This week’s newsletter contains a security notice about the C implementation of bech32 address decoding, an analysis of a temporary reduction in the number of segwit blocks, a link to an interesting discussion about future features for LN payments, and a few notable code changes in popular Bitcoin infrastructure projects.

Action items

  • Bech32 security update for C implementation: if you use the reference implementation of bech32 address decoding for the C programming language, you need to update to fix a potential overflow bug. Other reference implementations are unaffected; see the News section below for details.


  • Temporary reduction in segwit block production: Optech investigated reports that a mining pool had stopped producing blocks that included segwit transactions. We found that the number of segwit blocks decreased suddenly around October 20th and began rebounding towards normal a few days ago.

    Percentage of blocks including segwit transactions, last several weeks

    A simple explanation for this sudden decrease and rebound could be a minor misconfiguration. By default, Bitcoin Core does not produce segwit-including blocks in order to maintain getblocktemplate (GBT) compatibility with older pre-segwit mining software. When miners change their software or configuration, it’s easily possible to forget to pass the extra flag to enable segwit. To illustrate how easy it is to make this mistake, the example below calls GBT with its default parameter and its segwit parameter—and then compares the results by the total potential block reward (subsidy + fees) each block template could earn.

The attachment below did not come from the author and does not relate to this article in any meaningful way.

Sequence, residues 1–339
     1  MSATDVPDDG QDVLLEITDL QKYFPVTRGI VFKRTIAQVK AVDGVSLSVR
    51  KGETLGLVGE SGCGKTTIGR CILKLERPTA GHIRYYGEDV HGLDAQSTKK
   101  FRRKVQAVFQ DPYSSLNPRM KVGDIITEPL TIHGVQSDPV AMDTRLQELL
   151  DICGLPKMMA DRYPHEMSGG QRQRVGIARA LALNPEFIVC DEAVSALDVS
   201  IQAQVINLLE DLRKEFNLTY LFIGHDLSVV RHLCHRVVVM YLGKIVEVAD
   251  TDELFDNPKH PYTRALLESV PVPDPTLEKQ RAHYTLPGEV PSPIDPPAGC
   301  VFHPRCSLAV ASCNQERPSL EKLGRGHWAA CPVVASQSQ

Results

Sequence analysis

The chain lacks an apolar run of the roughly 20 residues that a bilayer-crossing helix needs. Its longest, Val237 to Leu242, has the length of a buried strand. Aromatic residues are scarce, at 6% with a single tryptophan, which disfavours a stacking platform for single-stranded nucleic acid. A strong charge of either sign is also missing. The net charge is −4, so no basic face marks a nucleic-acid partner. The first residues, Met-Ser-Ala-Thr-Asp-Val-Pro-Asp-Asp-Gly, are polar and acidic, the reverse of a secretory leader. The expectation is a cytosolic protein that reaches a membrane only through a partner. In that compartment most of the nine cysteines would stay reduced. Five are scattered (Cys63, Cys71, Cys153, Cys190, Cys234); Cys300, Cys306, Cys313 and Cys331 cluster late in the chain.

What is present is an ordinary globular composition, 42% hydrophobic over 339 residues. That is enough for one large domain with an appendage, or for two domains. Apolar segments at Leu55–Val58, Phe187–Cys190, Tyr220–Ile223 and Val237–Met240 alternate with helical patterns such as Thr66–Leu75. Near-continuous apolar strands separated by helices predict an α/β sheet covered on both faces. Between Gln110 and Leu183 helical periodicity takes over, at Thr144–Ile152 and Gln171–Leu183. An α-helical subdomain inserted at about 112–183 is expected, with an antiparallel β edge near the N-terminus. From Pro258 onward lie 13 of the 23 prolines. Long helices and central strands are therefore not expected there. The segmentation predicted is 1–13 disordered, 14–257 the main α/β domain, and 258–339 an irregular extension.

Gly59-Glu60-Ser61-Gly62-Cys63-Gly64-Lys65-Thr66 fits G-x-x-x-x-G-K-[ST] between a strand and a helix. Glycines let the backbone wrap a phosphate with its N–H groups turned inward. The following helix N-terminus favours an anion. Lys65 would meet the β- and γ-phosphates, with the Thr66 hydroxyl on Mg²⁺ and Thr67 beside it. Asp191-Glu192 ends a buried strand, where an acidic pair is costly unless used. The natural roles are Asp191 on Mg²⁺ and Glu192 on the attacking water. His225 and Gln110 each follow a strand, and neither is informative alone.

$ ## GBT with default parameters
    $ bitcoin-cli getblocktemplate | jq '.coinbasevalue / 1e8'
    $ ## GBT with segwit enabled
    $ bitcoin-cli getblocktemplate '{"rules": ["segwit"]}' | jq '.coinbasevalue / 1e8'

    As you can see, a miner who enabled segwit would’ve earned more income than a non-segwit miner if one of those example block templates had been mined. Although a small difference in absolute terms due to currently almost-empty mempools (about 0.02 BTC or $100 USD), in relative terms the segwit-including example block template receives almost 50% more fee income than the legacy-only template. As mining is expected to be a commodity service with thin profit margins, this seems to be enough of an incentive to get miners to create segwit-including blocks—and it will only become more important in the future as more users switch to using segwit, the block subsidy decreases, and perhaps fees increase.

    Bitcoin Core updated bitcoind’s built-in documentation for GBT to mention the need to enable segwit, and it has been proposed in developer discussion to enable segwit GBT by default in some future version (but still provide a backwards-compatible option to disable it).

  • Overflow bug in reference C-language bech32 implementation: Trezor publicly disclosed a bug they discovered in the reference implementation of the bech32 address function for the C programming language. A patch has been released fixing the bug. The bug does not affect users of the other reference implementations written in other programming languages (source).